HORROR Edition

Originally the University of Florida wanted to refuse to rent a venue to white supremacist Richard Spencer, but after he threatened to sue, the university relented. As UF braced for white supremacists coming like a pestilence of cockroaches on Oct. 19, Orlando Weeklyreports that Spencer’s supporters said he wasn’t racist and wasn’t responsible for the violence at their rally in Charlottesville, Virginia, which cost one woman her life. The governor issued a state of emergency for the area on the day of the event and hundreds of police and National Guard were deployed to keep the peace.

The UF event attracted thousands of protesters, far outnumbering the white supremacists. Orlando Weekly wrote that Spencer was “getting boo’d into oblivion” by the crowd. Even Florida politicians like state Attorney General Pam Bondi and Governor Rick Scott condemned Spencer and his minions. You listening, POTUS?

Cleveland Scene reports, “Despicable fliers encouraging members of the LGBT community to commit suicide were posted around Cleveland State University’s main classroom building [on Oct. 16.]” The fliers, which also said, “Follow your fellow faggots,” were posted on the day that the school opened an LGBT center.

If that wasn’t monstrous enough, in response CSU President Ron Berkman issued a statement that the school is committed to “protect free speech to ensure all voices may be heard and to promote a civil discourse where educational growth is the result.” This unsurprisingly did little to cool the emotions of students and Prezzy Berkman became the subject of calls for his immediate ouster, which led Berkman to release another statement saying he was sorry for not being more sorry, Cleveland Scene reports. (Now if only that plaza of the same name would apologize for clogging the J-ville skyline with its creepy, hollow shell…) Students were not mollified by Berkman’s make-up attempt and continued calling for him to step down.

Pennsylvania State Senator Dan Laughlin penned a deeply interesting newsy editorial in the Erie Readerabout how his small business dealt with problems with the toxicity of its small flow treatment facility. Frustrated and facing a $10,000 fine, Laughlin turned to an “all-natural approach” to reduce high levels of ammonia-nitrogen, carbonaceous biochemical oxygen demand, dissolved oxygen, fecal coliform, pH, and total phosphorus in the water: cattails (not to be confused with pussy willows). And it worked!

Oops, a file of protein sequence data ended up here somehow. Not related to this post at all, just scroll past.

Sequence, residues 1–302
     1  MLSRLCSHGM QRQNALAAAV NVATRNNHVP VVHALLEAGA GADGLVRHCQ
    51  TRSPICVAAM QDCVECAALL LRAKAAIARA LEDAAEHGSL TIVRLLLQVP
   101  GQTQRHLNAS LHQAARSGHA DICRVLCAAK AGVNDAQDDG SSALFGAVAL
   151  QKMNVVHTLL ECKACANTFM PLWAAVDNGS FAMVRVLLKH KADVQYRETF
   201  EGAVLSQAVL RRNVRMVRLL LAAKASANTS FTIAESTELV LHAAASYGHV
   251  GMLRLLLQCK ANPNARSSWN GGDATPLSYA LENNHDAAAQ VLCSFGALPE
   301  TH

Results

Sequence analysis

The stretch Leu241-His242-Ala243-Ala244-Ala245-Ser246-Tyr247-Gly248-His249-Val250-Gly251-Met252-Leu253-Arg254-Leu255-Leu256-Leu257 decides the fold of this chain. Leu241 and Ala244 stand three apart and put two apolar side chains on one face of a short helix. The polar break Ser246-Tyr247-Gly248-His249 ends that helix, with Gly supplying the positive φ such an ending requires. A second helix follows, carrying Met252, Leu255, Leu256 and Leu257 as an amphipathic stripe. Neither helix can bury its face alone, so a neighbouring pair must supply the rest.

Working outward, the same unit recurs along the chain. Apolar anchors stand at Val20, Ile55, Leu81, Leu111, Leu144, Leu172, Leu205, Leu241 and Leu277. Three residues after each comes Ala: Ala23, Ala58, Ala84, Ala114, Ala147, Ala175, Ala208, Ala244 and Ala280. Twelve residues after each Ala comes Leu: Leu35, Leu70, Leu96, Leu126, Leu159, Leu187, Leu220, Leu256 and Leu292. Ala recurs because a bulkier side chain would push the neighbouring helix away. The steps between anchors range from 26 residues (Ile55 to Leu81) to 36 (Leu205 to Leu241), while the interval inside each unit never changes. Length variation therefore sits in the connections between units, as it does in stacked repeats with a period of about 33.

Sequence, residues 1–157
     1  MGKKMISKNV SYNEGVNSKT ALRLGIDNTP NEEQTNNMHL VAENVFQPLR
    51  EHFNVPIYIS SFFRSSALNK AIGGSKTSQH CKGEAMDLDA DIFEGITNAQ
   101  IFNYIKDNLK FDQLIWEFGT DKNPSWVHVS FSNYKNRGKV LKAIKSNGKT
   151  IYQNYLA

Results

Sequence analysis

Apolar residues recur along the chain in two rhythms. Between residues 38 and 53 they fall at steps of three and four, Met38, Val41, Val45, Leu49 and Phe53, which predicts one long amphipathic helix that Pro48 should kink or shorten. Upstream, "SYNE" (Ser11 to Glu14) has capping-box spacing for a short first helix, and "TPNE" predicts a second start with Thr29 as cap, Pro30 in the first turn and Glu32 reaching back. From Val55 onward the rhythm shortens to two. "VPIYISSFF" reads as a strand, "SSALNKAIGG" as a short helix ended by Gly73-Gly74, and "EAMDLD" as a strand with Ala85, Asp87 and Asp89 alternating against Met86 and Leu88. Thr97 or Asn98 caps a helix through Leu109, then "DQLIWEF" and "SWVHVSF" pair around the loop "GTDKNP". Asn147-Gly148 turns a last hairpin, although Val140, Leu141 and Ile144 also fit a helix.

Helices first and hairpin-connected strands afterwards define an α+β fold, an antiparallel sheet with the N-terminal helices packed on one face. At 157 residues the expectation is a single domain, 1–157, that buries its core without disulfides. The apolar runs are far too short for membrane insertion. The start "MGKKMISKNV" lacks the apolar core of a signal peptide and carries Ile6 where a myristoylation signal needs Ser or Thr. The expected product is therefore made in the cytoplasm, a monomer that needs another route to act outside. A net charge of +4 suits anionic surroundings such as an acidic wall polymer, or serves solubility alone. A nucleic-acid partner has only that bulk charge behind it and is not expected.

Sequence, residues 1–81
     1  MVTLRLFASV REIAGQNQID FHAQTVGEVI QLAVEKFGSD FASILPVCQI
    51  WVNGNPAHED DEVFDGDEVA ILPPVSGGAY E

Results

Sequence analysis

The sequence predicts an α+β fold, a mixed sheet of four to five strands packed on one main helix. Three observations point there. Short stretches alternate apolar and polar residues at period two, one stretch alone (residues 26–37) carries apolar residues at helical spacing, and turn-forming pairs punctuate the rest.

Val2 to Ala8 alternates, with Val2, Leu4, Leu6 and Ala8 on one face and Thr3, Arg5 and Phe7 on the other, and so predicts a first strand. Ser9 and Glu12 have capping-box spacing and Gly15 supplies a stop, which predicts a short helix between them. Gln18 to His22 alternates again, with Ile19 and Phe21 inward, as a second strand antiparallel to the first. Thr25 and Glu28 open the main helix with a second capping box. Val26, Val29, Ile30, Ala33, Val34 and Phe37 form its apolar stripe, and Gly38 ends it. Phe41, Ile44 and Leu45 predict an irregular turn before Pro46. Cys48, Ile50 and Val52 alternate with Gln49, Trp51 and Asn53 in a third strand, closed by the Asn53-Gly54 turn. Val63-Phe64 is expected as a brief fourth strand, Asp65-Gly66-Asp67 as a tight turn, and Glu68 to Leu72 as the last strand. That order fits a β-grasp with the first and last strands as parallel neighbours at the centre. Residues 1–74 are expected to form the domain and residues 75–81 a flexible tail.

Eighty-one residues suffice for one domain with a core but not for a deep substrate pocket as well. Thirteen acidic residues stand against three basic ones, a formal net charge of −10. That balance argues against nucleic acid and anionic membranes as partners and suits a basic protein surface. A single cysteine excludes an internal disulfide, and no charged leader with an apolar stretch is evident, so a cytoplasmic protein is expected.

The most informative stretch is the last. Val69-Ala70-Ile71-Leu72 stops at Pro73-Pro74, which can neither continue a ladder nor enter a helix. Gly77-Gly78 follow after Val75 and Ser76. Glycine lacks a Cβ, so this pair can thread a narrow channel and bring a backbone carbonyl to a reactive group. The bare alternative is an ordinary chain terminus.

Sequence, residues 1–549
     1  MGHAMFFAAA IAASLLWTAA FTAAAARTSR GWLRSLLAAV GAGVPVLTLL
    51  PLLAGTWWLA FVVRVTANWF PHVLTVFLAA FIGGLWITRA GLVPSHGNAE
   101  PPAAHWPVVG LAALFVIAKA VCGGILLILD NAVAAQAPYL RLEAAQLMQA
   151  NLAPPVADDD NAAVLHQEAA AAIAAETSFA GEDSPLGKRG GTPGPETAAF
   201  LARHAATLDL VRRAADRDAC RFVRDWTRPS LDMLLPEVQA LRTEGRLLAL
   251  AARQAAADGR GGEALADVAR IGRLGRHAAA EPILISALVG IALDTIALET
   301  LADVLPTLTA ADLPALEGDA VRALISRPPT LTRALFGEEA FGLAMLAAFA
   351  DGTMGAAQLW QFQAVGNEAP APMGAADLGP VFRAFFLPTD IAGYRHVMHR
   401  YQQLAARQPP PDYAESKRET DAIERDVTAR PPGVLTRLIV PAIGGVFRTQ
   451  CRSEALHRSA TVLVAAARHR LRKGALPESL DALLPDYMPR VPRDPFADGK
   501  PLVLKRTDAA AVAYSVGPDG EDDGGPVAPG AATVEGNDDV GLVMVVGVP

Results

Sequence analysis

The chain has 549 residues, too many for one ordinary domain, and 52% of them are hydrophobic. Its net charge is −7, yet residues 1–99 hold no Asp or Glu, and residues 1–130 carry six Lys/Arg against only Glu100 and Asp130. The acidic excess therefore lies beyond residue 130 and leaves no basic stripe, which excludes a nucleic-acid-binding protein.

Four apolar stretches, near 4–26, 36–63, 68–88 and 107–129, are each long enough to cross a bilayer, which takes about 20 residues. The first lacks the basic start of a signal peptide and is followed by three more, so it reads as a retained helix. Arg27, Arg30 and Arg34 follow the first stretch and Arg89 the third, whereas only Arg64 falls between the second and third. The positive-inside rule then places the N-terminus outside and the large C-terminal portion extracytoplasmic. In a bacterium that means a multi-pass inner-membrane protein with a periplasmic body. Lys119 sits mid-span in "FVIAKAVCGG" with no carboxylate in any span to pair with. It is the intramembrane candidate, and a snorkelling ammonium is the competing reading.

After much research, Laughlin planted water-loving cattails in sand beds of the treatment pond, which he expected to cure all the toxicity except ammonia. To lower ammonia levels, Laughlin added a ‘live well fish bubbler’ that cost a mere $20. These simple fixes had the added benefit of reducing monthly labor hours from roughly 20 to “virtually maintenance-free.” Laughlin is trying to convince Pennsylvania to adopt this model statewide, and hopes that it can be introduced nationwide. In closing, Laughlin wrote, “We all have an obligation to protect our environment. I encourage other citizens to share their best practices in finding natural solutions to balance our lives with respect to our natural surroundings.” Well said.

Although there’s been much chatter about the “war” on coal and bringing those jobs back bigly, coal’s decline has less to do with liberals than, well, economics. See, solar, wind, and natural gas power have become lots cheaper, leading companies to switch sources. Athens, Georgia-based Flagpole Magazine reports that the state’s largest utility, Georgia Power, which at one time got about 70 percent of its power from coal, today gets roughly 30 percent from it. The utility has also closed 15 coal-fired facilities in seven years.

Georgia is hardly alone in this trend. Nationwide, coal is way down. In the ‘70s, the industry employed 250,000 people; today only 70,000 Americans work in coal. Since 2010, Flagpole notes, “nearly half the country’s 523 coal-fired plants have been closed or are being phased out.” Even in WEST BY GOD VIRGINIA.